The Best Time I Got My Wisdom Teeth Out

I’m not a brave person. There’s a reason I carry small, dissolvable tablets of Klonopin around with me in my change purse. I don’t like pain, I hide from danger, and I am not even that crazy about excitement.

“Do you want to get your wisdom teeth out?” a dentist asked me in high school.

“No, thanks!” I said because, A) obviously, and B) I assumed he was asking the question rhetorically, the way my mother asked if I wanted to empty the dishwasher. Instead he said, “Okay!” What kind of idiot, hippie dentist does that? Why not ask a dog if he wants his shots, or that drunk guy you took home if he wants to use a condom?

In that split second, I missed my window to get my wisdom teeth out the way the good lord intended: in a soothing suburban oasis of a dentist’s office, with potted plants and piped-in classical music and a parent waiting for me on the other end of the childhood trauma with ice cream and videos.

At 28, my mouth could avoid its dance with destiny no longer. Dentists were not asking about my wisdom teeth, they were telling, sometimes using vivid illustrations and x-rays for emphasis. I had dental insurance. I had a job where I could take sick days. It was time.

So I did the reasonable, logical thing: I looked for oral surgeons on the Internet who took my insurance, picked one around the corner from my office, and made an appointment.

Eagle-eyed readers will notice that this was my first mistake. I did no routine background-check on the place, no search on Yelp, not even a walk-by to make sure it really existed. I’ve done more reconnaissance on places I was thinking of getting Chinese for lunch. It’s Manhattan! I remember thinking. I’m sure it’s fine.

On the fateful day, I found the office and looked up. A clip-art cartoon tooth beamed down at me from a flag above the doorway of an otherwise unremarkable midtown Manhattan storefront. Faint alarm bells began to sound inside my head. I told my head to stop being such a pussy and opened the door.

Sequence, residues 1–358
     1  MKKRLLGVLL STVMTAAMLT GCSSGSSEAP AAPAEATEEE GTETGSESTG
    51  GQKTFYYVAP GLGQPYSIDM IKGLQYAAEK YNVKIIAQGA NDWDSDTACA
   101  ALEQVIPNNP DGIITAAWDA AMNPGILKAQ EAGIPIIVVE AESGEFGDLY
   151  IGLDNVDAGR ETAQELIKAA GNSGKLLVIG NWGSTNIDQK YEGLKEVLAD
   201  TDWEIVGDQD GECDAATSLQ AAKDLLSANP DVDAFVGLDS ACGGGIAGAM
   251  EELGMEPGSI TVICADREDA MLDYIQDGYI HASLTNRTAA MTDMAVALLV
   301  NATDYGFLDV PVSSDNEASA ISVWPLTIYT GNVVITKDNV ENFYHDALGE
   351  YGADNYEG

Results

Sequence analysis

A mass of eyes tracked over to me, expressionless, and then away again. I found a plastic seat and tried to fade into it. There was an institutional grimness to the room similar to the atmosphere of an OTB parlor.

The clock on the wall was broken, as was the coffee pot, but my iPhone said 12:20; my appointment was supposed to start ten minutes later. After two hours of waiting, the receptionist told me they were a bit behind schedule, since they only had one oral surgeon doing everything. I got up and went for a walk. Alarm bells kept ringing, louder this time, but I shushed them. This damn thing had to be done and I was going to do it.

Finally, half an hour after I returned, a nurse called my name and took me to a room with two dentist’s chairs. The other was occupied by a 30-year-old guy in an Ed Hardy t-shirt. Call me bourgeois, but I was a little surprised to have company. Sharing a room for a medical treatment is a bit like sharing a single stall toilet. Still, the nurse gestured for me to sit, and I sat, because I am obedient and polite, even when the alarm bells are getting very insistent with their damn clanging.

The guy in the other chair and I waited for another half an hour or so as moans came through the walls from other rooms and hygienists walked in and out changing their gloves. Hip hop blasted from the radio of a Panasonic boom box on the floor, which was vintage circa 1991, so retro that it didn’t even have a CD player.

At some point I started to shake — a normal enough response to perpetual anticipation, especially when you’re waiting to get all four wisdom teeth out to the soothing sounds of Jay-Z. Hygienists shot me amused looks and talked to each other in rapid Spanish. I tried to calm myself down by silently reciting the Kipling poem “If,” which my dad had me memorize ages ago: